of a resolution favoring the pres
ent system of required ROTC drill
for students.
The groyp said their purpose was
to promote the general welfare of
the University. They said it was
their wish to give the people of
the state a true picture of Univer
sity life and activity and not have
them thinking the attitude of cer
tain liberals on the campus repre
sented the majority opinion.
Willing to Consider
They expressed a willingness to
meet with leaders of the liberal
faction and talk over the situation
as regards optional drill as well as
similar questions concerning the
well-being of the University.
Those passing the resolution
said they wished to interest all stu
dents in the immediate question of
ROTC drill, upon which the faculty
votes Wednesdav and for them to
e-ive consideration to both sides.
Thev asked that evervone read the
resolution and consider its points.
Personnel Different
Personnel of the Committee for
the General Welfare of the Uni
versity was made up of a different
group than those who attended an
Fmerald called meeting Wednesday
night and appeared to have the
same objective but differed as to
the best means of carrying out the
beneficial program.
No action has yet been taken by
the steering committee of the
Wednesday night group.
A committee of John Rogers,
Reed Swenson, Lyle Baker, Frank
Bondurant, Abe Weiner, John
Claybough, and Stanley King head
ed by Ben Chandler Jr., was named
yesterday to act as a coordinating
group to carry out the purposes of
the organization which passed the
Resolution Listed
The resolution follows:
We, the undersigned students,
interested in the University, do
hereby voice our approval of the
present system of requird ROTC
training for the students of this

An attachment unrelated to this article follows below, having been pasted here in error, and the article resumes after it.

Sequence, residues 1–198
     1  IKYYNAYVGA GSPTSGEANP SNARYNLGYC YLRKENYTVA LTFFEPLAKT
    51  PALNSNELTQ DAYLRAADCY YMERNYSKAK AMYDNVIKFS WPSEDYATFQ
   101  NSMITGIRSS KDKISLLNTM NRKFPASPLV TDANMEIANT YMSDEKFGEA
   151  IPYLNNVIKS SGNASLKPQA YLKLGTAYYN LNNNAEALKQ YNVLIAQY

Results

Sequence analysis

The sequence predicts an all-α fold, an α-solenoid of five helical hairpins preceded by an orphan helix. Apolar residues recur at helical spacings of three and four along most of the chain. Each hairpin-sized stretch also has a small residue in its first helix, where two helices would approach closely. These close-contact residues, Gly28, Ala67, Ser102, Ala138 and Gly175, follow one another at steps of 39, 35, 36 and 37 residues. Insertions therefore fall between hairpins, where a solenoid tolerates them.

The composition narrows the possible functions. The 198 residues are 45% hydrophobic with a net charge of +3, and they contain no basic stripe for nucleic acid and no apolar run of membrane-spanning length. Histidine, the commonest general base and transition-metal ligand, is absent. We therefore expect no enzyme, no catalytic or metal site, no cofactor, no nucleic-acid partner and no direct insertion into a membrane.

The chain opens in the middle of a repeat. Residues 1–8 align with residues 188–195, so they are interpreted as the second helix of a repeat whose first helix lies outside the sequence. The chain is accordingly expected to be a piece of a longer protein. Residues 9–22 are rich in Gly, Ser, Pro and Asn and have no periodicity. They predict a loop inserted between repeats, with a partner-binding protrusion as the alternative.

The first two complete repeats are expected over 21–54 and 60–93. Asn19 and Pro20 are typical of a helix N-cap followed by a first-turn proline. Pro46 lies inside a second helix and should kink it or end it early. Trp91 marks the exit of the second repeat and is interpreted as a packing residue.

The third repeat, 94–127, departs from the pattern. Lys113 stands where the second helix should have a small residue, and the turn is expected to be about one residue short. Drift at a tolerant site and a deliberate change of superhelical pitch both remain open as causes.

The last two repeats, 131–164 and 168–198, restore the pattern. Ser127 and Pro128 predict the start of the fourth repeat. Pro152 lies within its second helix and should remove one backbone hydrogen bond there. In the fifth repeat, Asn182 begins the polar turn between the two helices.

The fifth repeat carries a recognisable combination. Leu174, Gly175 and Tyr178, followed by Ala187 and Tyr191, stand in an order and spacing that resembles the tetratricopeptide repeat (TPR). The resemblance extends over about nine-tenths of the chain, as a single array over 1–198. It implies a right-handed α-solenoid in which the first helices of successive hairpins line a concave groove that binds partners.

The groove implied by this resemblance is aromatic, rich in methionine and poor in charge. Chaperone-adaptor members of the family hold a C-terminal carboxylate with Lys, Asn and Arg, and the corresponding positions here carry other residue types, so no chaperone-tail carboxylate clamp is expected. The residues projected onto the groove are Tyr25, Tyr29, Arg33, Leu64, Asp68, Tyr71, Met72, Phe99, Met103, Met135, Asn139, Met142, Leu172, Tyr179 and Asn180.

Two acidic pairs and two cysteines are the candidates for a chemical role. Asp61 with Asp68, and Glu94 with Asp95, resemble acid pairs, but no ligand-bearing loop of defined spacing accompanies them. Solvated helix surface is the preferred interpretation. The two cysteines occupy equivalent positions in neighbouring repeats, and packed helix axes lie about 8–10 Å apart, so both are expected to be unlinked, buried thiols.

University, for the following rea
1. The University of Oregon, be
ing a small university with a
small enrollment and lacking heavy
endowments, for financial reasons
can not undertake the support of
optioal ROTC because of the dan
ger of losing federal support in
view of the fact that such support
is derived from the present system
of having the ROTC training re
The University of Oregon can
not under its present financial con
dition support a band, a rifle team,
(Please turn to page two)
Yeomen, Orides
Defeat Merger
At a joint meeting of the Yeo
men and Orides in Gerlinger hall
Thursday evening, the suggestion
that the two groups should merge
was defeated.
Brittain Ash, who presided at
the meeting appointed the follow
ing temporary committee to work
out some sort of a calendar so that
more cooperation could be obtained
between the groups. Richard Mc
Bee, chairman, Phoebus Kolonoff,
Erma Huston, and Edna Carlson |
were chosen on this committee, j
It was suggested at the meeting j
that more social meetings be ar
ranged between the two indepen
dent groups.
Optional ROTC Men
Get Support of Labor
Liberal groups on the campus j
now fighting for optional ROTC ‘
drill, received notice this week of
further support around the state
when the Oregon Farm-Labor as
sociation and the Portland Central
Labor council both passed resolu
tions approving the action of the
optionalists. The state Orange has
already passed such a resolution.
Poorer Trees
Are Watched9
Says Cuthhert
"Everything is being done to
assure and guard the lives of stu
dents from falling trees," said Fred
A. Cuthbert, associate professor of
landscape architecture, yesterday.
Fir trees of the variety that were
blown down near the journalism
“shack" and back of the old libe
are very treacherous, said Profes
sor Cuthbert. There was absolute
ly no indication of rot in the core
of ..either tree, yet the gale blew
them over easily, he pointed out.
“Fir trees in the forest,” com
mented Professor Cuthbert, “are
usaly deep rooted and not easily
blown over. There is a possibility